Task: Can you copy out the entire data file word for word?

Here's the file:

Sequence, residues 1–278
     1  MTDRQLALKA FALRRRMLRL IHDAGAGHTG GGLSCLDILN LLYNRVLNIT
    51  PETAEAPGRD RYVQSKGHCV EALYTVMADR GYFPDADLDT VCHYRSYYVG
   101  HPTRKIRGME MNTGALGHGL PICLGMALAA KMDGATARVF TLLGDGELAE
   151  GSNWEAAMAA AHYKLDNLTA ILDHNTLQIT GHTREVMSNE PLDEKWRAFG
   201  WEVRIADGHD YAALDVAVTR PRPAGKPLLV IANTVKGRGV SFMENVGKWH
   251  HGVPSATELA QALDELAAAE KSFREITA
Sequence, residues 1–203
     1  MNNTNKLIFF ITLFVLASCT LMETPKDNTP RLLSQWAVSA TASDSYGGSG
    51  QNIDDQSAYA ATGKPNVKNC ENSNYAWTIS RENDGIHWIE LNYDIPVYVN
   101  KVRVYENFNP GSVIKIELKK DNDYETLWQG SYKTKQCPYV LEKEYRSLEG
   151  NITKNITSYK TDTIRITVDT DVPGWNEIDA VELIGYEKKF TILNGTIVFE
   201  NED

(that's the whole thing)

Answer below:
Sequence, residues 1–278
     1  MTDRQLALKA FALRRRMLRL IHDAGAGHTG GGLSCLDILN LLYNRVLNIT
    51  PETAEAPGRD RYVQSKGHCV EALYTVMADR GYFPDADLDT VCHYRSYYVG
   101  HPTRKIRGME MNTGALGHGL PICLGMALAA KMDGATARVF TLLGDGELAE
   151  GSNWEAAMAA AHYKLDNLTA ILDHNTLQIT GHTREVMSNE PLDEKWRAFG
   201  WEVRIADGHD YAALDVAVTR PRPAGKPLLV IANTVKGRGV SFMENVGKWH
   251  HGVPSATELA QALDELAAAE KSFREITA
Sequence, residues 1–203
     1  MNNTNKLIFF ITLFVLASCT LMETPKDNTP RLLSQWAVSA TASDSYGGSG
    51  QNIDDQSAYA ATGKPNVKNC ENSNYAWTIS RENDGIHWIE LNYDIPVYVN
   101  KVRVYENFNP GSVIKIELKK DNDYETLWQG SYKTKQCPYV LEKEYRSLEG
   151  NITKNITSYK TDTIRITVDT DVPGWNEIDA VELIGYEKKF TILNGTIVFE
   201  NED